Is Moldova still on float ?

in Culture 2018 · Danube 2018 · Economics 2018 · Europe 2018 · Finance 2018 · Moldova 2018 · Nation 2018 · Politics 2018 · Skepticism 2018 · State 2018 · Uncategorized 107 views / 2 comments
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     * Major stakes in top two banks and three major insurers have been confiscated after illegal coordination by shareholders detected, but no buyers have come forward, leaving Moldova’s financial sector in limbo. 

Majority stakes in three Moldovan insurance firms, including market leader Moldasig, are still for sale two years after the financial market regulator CNPF found undeclared groups of coordinated shareholders, Mold Street reported on April 18.

The situation resembles that on the banking market, where the country’s largest two banks have no majority shareholders. Large stakes in Moldindconbank (MICB) and Agroindbank (MAIB) are for sale as well, after the central bank spotted undeclared groups of coordinated shareholders.

Moldova’s banking and insurance markets were until recently controlled in a hidden manner by local oligarchs and they served as instruments for laundering Russian money. Tighter ownership transparency regulations resulted in a large number of shareholders, suspected of being intermediaries for local oligarchs, selling their stakes.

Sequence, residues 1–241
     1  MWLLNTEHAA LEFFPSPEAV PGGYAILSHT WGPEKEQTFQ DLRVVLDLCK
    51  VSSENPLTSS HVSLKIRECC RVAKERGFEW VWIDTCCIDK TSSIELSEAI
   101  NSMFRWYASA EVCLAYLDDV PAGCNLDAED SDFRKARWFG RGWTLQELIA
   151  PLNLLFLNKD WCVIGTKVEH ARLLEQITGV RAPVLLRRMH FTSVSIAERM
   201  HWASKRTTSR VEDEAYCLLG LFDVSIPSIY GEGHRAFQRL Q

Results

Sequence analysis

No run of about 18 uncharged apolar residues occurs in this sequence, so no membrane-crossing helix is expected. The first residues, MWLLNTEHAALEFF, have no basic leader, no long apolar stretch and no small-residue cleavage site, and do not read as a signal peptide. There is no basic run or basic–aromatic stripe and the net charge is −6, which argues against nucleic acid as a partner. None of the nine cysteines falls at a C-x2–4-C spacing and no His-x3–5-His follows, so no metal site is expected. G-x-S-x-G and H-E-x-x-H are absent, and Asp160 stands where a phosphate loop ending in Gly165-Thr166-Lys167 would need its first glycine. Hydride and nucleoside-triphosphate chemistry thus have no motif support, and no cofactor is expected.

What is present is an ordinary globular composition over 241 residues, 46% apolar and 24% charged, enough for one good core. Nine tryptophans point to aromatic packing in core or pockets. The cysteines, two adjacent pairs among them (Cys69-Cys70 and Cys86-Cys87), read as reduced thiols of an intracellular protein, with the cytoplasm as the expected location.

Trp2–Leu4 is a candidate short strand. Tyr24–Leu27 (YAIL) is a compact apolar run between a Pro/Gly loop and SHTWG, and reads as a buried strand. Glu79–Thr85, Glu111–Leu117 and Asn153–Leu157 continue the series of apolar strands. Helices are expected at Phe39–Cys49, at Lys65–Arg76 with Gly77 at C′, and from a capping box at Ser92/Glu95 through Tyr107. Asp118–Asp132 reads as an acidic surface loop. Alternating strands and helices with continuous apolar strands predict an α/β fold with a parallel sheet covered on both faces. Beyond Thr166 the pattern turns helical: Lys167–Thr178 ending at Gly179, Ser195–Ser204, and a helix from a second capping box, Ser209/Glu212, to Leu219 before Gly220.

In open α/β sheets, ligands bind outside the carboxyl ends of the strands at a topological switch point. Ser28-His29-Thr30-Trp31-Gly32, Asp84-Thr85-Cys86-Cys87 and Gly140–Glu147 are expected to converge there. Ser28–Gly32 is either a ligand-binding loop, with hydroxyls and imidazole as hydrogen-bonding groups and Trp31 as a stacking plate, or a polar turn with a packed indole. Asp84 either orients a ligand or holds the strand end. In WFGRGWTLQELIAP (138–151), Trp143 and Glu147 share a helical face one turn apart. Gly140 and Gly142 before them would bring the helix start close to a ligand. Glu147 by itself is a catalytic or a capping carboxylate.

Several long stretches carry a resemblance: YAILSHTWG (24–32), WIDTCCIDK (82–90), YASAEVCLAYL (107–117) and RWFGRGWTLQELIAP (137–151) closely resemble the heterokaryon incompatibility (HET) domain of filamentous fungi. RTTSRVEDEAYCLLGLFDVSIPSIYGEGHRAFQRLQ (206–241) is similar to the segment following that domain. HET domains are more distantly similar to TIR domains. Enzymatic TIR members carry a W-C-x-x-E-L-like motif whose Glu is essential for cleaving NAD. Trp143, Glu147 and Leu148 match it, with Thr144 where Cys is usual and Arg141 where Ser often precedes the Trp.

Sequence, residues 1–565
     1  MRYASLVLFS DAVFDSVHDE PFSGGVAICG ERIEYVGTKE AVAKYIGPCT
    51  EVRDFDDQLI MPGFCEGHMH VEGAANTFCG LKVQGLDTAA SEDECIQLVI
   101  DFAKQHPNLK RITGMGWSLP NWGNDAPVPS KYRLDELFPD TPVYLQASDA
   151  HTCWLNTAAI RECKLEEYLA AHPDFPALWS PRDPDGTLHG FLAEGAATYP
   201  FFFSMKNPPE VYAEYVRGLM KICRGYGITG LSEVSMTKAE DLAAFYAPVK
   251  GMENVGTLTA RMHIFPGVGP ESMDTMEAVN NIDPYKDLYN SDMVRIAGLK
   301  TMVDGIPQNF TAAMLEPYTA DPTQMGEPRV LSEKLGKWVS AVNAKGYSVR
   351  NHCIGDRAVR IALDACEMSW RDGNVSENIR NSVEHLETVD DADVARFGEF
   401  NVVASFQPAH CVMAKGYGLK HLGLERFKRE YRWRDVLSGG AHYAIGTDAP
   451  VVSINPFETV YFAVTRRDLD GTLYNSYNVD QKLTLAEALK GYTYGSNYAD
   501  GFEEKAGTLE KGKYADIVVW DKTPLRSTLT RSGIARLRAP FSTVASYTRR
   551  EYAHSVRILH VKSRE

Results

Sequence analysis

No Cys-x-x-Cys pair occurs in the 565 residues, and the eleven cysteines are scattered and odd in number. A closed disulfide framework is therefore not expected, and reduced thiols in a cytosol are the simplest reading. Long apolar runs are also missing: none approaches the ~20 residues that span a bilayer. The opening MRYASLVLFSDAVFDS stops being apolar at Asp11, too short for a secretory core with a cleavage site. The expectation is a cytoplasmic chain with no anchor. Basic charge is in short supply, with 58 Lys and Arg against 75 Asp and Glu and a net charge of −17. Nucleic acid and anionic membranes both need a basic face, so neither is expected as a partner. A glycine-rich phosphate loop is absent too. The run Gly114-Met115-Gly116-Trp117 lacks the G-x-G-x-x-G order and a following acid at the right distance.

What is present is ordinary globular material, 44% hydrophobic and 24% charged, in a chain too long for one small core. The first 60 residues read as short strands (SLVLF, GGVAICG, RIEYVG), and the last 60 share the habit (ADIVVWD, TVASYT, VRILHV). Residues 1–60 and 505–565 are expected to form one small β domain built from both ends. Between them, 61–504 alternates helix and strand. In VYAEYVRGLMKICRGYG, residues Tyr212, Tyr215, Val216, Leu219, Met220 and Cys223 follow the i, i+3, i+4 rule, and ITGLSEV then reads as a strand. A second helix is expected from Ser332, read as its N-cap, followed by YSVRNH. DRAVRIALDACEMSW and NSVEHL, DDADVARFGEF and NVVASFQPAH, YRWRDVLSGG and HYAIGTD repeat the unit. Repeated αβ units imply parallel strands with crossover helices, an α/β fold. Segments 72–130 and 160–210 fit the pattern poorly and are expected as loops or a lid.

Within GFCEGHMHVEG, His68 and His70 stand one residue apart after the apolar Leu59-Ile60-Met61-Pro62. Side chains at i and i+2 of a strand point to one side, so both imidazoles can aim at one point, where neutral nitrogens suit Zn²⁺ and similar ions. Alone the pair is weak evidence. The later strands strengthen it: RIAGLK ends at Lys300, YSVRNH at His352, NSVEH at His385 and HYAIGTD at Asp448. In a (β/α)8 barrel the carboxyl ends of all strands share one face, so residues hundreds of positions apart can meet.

The three insurance firms reportedly belong to Veaceslav Platon, who is currently indicted for banking frauds. The target prices for the three insurers have been gradually cut down to as low as one-third of the initial asked price, though the buyer would need CNPF’s consent, though.

Three stakes amounting to nearly 80% in insurer Moldasig are for sale at a price of MDL63.2mn (€3mn), one-third of the price asked initially, Mold Street reported. Moldasig is the market leader of the Moldovan insurance market, with a market share of 14.3% in 2017.

The overall market expanded by 4.8% y/y to MDL1.5bn in 2017, out of which Moldasig contributed MDL206mn, according tomd. Moldovan insurance companies reported MDL67mn gross profit on aggregate basis in 2017 (down from MDL108mn in 2016). Moldasig managed to increase its gross profit to MDL20mn in 2017, up from MDL13mn in 2016, though.

The other two insurance firms for sale are Alliance Insurance Group (87% of its shares for MDL14.45mn) and Asito (83% of its shares for MDL3.8mn). Asito is the smallest of the Moldovan insurers and it sold most of its assets already. The gross premiums collected by Alliance Insurance Group plunged to MDL20.5mn (1.4% market share) from MDL139mn (10% market share) in 2016. Its gross profit decreased to MDL6.5mn in 2017 from MDL10.7mn in 2016. The company was warned by the CNPF in October 2017 in regard to its insufficient capitalisation and urged to increase its capital.

Earlier in the week Moldova’s government was reported to have instructed its Public Ownership Agency (APP) to take over major stakes in the country’s largest banks, Moldova-Agroindbank and Moldindconbank, that were previously confiscated by the central bank.

The APP is supposed to sell the stakes to investors under the law regulating the state’s intervention in systemic banks, endorsed by the parliament last December. The APP should put the stakes up for sale within seven days of taking them over, at a price no lower than the price paid by APP for the shares, Mold Street reported, quoting the provisions of the law